/: What’s going on in the oil market?

: What’s going on in the oil market?

With wars between Russia and Ukraine and between Israel and Hamas, an investor might expect oil prices to soar because of the potential for supply disruption. But that hasn’t happened. The front-month contract price for West Texas Intermediate crude oil


has declined 9% this year, and it is down nearly 10% over the past two years.

William Watts provides this explainer about contango and backwardation — two commodity-market forces investors need to understand.

More about oil and other commodities markets:

The ARKK ETF has had a stellar 2023, but you might be able to do better

MarketWatch illustration/iStockphoto

Let’s look at two charts showing total returns for Cathie Wood’s Ark Innovation exchange-traded fund
First, year-to-date:


That is a pretty wild ride, but it’s excellent performance when compared with the the SPDR S&P 500 ETF Trust
which has returned 19% this year. Then again, ARKK has trailed the Invesco QQQ Trust
which tracks the Nasdaq-100 Index
and has returned 46% this year.

Now take a look at a five-year chart for all three ETFs:


ARKK was an amazing highflier before investors grew nervous late in 2021 about the expected rise in interest rates to push back against inflation. The tech-stock rally reversed before the Federal Reserve’s policy change in March 2022.

In this week’s ETF Wrap, Christine looks at ARKK’s bullish technical trading pattern with the help of Frank Cappelleri, founder of CappThesis.

Wood’s strategy of taking concentrated bets on innovative technology companies can lead to a boom-and-bust pattern. Mark Hulbert shares a lower-risk strategy investors can use to focus on the same companies, aiming for better long-term performance.

More from Mark Hulbert:

You might be able to avoid paying taxes on Social Security income

Beth Pinsker explains how to manage your taxes on Social Security.

Something else to think about as we approach a Dec. 7 deadline: Medicare’s Meena Seshamani answers your questions about open enrollment.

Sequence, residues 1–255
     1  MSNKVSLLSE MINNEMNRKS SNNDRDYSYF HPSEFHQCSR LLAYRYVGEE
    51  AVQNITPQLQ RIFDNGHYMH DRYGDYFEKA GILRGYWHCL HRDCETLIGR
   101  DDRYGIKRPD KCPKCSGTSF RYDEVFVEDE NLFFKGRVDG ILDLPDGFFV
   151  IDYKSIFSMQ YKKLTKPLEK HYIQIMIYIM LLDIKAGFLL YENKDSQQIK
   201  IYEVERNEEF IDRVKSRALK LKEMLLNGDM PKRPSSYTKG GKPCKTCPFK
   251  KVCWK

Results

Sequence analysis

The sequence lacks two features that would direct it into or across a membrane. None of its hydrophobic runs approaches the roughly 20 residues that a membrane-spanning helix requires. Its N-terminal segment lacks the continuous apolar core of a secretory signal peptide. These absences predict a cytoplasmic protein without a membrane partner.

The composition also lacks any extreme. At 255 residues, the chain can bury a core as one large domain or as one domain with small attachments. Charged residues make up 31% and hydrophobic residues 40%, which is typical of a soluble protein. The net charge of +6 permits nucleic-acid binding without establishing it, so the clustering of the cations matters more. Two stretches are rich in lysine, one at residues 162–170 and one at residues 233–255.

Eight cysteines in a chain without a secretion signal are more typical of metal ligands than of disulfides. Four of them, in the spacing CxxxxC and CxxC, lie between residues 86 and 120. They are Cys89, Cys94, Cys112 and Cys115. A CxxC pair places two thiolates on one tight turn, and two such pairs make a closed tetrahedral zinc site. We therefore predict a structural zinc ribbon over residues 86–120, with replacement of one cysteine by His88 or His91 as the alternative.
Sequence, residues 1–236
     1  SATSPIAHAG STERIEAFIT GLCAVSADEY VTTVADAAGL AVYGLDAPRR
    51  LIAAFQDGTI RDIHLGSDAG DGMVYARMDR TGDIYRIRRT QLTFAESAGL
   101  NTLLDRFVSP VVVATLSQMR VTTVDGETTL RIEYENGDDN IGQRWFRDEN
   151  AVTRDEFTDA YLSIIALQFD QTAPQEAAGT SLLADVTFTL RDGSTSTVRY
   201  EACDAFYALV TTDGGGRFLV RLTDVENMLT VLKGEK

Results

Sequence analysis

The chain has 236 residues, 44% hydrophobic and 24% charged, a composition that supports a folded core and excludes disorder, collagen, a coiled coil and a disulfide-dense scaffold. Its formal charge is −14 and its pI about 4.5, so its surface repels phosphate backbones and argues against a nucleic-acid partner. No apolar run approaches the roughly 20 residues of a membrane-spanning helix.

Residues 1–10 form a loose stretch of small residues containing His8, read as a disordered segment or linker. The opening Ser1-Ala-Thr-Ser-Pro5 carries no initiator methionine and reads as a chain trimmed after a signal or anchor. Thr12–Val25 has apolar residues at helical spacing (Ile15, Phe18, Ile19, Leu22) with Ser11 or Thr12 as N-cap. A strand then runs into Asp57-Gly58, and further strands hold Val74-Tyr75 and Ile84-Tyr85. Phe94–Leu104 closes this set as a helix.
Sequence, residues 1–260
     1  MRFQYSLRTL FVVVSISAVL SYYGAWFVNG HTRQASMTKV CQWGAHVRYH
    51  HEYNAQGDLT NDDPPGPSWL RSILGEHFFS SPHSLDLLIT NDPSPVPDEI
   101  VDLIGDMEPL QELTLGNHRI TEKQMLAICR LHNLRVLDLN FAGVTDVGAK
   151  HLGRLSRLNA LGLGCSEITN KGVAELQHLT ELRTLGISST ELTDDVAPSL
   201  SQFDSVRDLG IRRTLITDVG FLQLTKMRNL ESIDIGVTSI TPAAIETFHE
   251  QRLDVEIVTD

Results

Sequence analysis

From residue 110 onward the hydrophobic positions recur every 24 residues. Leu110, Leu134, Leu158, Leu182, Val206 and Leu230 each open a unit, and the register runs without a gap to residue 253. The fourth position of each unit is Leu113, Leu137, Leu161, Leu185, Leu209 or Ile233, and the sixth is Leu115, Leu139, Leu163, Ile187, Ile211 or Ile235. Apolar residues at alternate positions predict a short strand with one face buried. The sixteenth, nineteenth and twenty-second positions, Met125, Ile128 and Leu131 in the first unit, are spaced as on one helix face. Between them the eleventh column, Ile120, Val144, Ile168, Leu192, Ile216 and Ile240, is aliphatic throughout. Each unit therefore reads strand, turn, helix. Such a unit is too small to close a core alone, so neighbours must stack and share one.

How about a 6% rule, instead of the old 4% rule?

Higher income means wider smiles.

Getty Images

The old 4% rule for retired investors is meant to help people to plan to withdraw a moderate amount from their retirement accounts each year to cover living expenses while making sure they never run out of money.

But with interest rates now at their highest level in decades, Brett Arends considers how a 6% rule might be viable for your retirement-income plan.

More retirement coverage:

What lies ahead for the Magnificent Seven?

The S&P 500’s performance this year almost entirely reflects its heavy weighting to seven companies whose stocks have soared: Apple Inc.
Microsoft Corp.
Amazon.com Inc.
Nvidia Corp.
Alphabet Inc.
Meta Platforms Inc.

and Tesla Inc.
Together, these companies make up about 29% of the S&P 500
which is weighted by market capitalization.

Joseph Adinolfi considers what it would take for the “Magnificent Seven” to stage a repeat performance in 2024.

More about the Magnificent Seven and related companies:

Earnings season often means sloppy reporting by companies

Each earnings season, investors expect publicly traded companies to report their results in a way that can make for easy comparisons with prior periods. Companies are required to report according to generally accepted accounting principles, or GAAP, but will also provide adjusted numbers that can shed a better light on core results — if they exclude one-time noncash items, for example.

But an emphasis on non-GAAP numbers can also confuse investors. For example, the commonly used Ebitda stands for earnings before interest, taxes, depreciation and amortization. But some of those items are important enough to send a company reeling — a high level of debt can be critically important if maturing debt is rolled over at much higher rates.

Ciara Linnane takes many large U.S. companies to task for burying key numbers, overemphasizing non-GAAP reporting or doing other things that make it difficult to understand their results.

Sticky situations for people, their relationships and their money

MarketWatch illustration

Quentin Fottrell — the Moneyist — digs deeply into financial and legal considerations to help people with difficult questions about relationships and money. He has been busy:

This could be a good time to jump into these funds that have high dividend yields

Michael Brush makes the case for two closed-end funds that have dividend yields close to 12% and trade at discounts to the value of their holdings.

More investment picks: 10 ‘better values’ in the stock market, selected for the next two years

Company news and reactions

Here’s a sampling of opinion following earnings reports and other corporate developments:

You might regret doing this

It is better to be creative with your passwords.

Getty Images/iStockphoto

Jeremy Binckes reports that yes, people are still using “password” for their password.

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